NLQ Question of the Week: Why Ask God Only For Little Things?

NLQ Question of the Week: Why Ask God Only For Little Things? August 11, 2016

QuestionoftheweekThis is a new series we have started running on Thursdays. Examining some of the questions involving long held Quiverfull theology and life.

Recently I’ve been around a number of fundamentalist and evangelical Christians and noticed something about their public prayer lives. They pray for the usual things most people pray for, for the sick to be healed, for the meal they are eating to be blessed and for protection of their loved ones. But I noticed that the part of their public prayers were for things so inconsequential it seemed petty to pray for. I witnessed prayers for the closest parking space to a store, for discounts and bargains at that store and over the weather – asking the rain to stop so that the prayee didn’t get wet walking to the car.

What I didn’t hear was prayers for there to be no more war, for hungry children to be fed, for suffering people. Big prayers that benefit many people instead of the one or the few. Through the years I was part of a QF church most of the prayers seemed to be like these, small things. Which leads to my question, why pray for only the little things? Is it the influence of the prosperity gospel preachers? Some sort of evangelical self focus? What drives making their God so small? Your thoughts on this?

moreLast week NLQ Question of the Week: Why is Breast Feeding as Birth Control Not Forbidden in Quiverfull?

Random NLQ Question of the Week: Why Ignore Troubling Signs in Children?


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What Are Your Thoughts?leave a comment
  • Nightshade

    Because the big prayers don’t get answered. Oh, there are excuses like world peace depends on humans, God respects humanity’s free will, that he’s telling someone to feed those kids but that person just isn’t listening, blah, blah, but bottom line? Only small prayers get any kind of ‘answer’ at all.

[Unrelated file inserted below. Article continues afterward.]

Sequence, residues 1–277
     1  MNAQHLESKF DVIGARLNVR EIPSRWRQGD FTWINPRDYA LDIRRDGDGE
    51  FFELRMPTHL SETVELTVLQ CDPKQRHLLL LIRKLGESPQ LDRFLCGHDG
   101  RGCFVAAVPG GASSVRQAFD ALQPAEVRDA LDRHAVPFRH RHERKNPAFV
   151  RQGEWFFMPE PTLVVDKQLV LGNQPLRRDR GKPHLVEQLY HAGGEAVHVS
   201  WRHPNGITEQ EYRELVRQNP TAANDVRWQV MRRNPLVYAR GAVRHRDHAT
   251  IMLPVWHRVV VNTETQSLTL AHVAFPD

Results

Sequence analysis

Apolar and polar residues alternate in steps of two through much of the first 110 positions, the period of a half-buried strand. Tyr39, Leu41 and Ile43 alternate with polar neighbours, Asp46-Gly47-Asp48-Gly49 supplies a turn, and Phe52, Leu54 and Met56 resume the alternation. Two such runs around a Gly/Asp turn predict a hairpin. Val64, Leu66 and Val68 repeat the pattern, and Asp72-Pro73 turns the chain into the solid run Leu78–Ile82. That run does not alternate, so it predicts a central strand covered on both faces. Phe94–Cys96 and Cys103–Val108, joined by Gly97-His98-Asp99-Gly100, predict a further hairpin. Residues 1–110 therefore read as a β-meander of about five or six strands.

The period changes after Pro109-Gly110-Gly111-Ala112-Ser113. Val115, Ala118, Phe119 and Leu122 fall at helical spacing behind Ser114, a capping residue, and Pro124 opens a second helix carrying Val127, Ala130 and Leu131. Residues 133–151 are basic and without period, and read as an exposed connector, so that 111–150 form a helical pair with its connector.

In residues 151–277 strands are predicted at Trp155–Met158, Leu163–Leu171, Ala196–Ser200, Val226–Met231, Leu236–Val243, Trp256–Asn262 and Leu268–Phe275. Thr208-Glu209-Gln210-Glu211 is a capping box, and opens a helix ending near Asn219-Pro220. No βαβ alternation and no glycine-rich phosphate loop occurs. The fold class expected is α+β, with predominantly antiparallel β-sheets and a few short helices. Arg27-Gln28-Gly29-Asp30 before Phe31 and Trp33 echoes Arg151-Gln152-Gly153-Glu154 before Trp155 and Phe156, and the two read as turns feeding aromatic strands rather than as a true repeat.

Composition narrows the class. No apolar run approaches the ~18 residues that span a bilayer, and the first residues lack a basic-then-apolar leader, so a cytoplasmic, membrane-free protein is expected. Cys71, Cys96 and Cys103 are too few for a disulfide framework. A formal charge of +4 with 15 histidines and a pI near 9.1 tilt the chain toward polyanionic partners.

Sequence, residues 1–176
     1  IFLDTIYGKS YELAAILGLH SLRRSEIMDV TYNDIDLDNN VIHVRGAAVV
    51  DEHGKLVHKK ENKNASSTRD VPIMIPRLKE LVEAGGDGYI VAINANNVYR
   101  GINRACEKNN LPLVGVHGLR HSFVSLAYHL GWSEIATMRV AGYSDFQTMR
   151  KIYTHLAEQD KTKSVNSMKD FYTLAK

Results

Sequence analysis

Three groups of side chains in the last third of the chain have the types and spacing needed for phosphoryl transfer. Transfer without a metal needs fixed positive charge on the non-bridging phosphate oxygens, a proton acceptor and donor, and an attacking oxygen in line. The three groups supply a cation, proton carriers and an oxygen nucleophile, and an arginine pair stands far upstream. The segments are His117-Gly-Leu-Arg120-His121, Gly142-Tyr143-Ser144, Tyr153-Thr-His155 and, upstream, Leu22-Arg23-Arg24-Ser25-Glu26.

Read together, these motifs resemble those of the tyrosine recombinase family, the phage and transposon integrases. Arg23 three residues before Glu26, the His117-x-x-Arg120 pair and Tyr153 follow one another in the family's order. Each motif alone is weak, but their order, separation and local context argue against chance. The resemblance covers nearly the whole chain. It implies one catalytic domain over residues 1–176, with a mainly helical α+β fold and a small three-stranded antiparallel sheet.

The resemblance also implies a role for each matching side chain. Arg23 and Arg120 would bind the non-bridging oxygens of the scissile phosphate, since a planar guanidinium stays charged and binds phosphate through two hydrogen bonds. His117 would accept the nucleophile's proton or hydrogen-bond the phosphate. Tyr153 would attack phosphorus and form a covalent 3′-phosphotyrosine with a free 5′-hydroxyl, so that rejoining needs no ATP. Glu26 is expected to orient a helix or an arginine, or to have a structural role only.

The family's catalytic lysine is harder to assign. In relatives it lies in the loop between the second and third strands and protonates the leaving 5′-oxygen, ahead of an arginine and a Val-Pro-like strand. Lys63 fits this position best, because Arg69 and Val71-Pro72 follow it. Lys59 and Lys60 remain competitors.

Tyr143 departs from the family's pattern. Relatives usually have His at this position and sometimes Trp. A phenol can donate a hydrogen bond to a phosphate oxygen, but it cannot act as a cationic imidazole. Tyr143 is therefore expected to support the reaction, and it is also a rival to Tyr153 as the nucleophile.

• No Longer Lurking

    This is something I’ve never understood. The Duggars always talk about “God’s timing” — if you truly believe in that, what is the point of praying for something to happen, or some particular outcome? That rain is coming in “God’s timing” so either get wet or wait until God decides the rain will stop. (Or, for a Duggar-related example, if Jinger truly believed God would bring her husband in His timing, why did she go on about “this is exactly what I prayed for — God is so good” after she got engaged?) I can understand praying to give thanks to God, or to ask for help with some kind of self-improvement (patience while you’re waiting for the rain to stop, etc.), but it seems hypocritical to say you’re letting God direct your life and then keep badgering Him with constant requests when the things you want aren’t happening when you want them.

  • AuntKaylea

    I’ve always thought of it as this: With prayer from sincere faith comes responsibility. If I ask for something big, then I may have to take responsibility for big changes/actions as I may have a role in the answer. Asking for something small has no risk involved.

    So: I don’t have to risk changing my behavior to find a parking space. If I pray for world peace, I may have to actively do something about it: (i.e. work full time outside the home in a place which actively helps refugees, amongst other things).

  • persephone

    Because they’re a bunch of self-centered, ME ME ME jerks. It’s very much an example of they’re special, God’s chosen, and He only cares about them. It’s also a reflection of their belief system that God will take care of the big stuff, we don’t have any real control or related responsibility, an example of which is the common belief among them that humans can’t ruin Earth, because God will step in and stop it, so global warming isn’t real, extinction isn’t real (remember the whiny complaints about Happy Feet?) or is meant to be, natural resources will never run out, etc.

    Which is why I want to smack everyone who ever says, “Let go and let God.”

  • katiehippie

    Their world is small and so the prayers are small.

  • gimpi1

    Perhaps because you have a fair chance of finding a good parking space or having the shower let up, and a very poor chance of seeing the world’s hungry fed? Praying for something that’s very unlikely is quite likely to show your prayers were ineffective. And, perhaps, the people praying know that, unconsciously at least.

  • Shelli Kae

    I honestly have come to believe to pray for the same thing over and over (like a husband, for example) is showing lack of faith. If God promises to hear our prayers and answer them we should trust He will. To worry or prayer over and over means we just don’t believe Him. I struggles for a long time with this due to health and financial issues and learned if I prayer, lay it at His feet and listen and wait He always comes through. I still struggle but I can calm my dear and worry when I remember to have that sma’ll mustard seed of faith.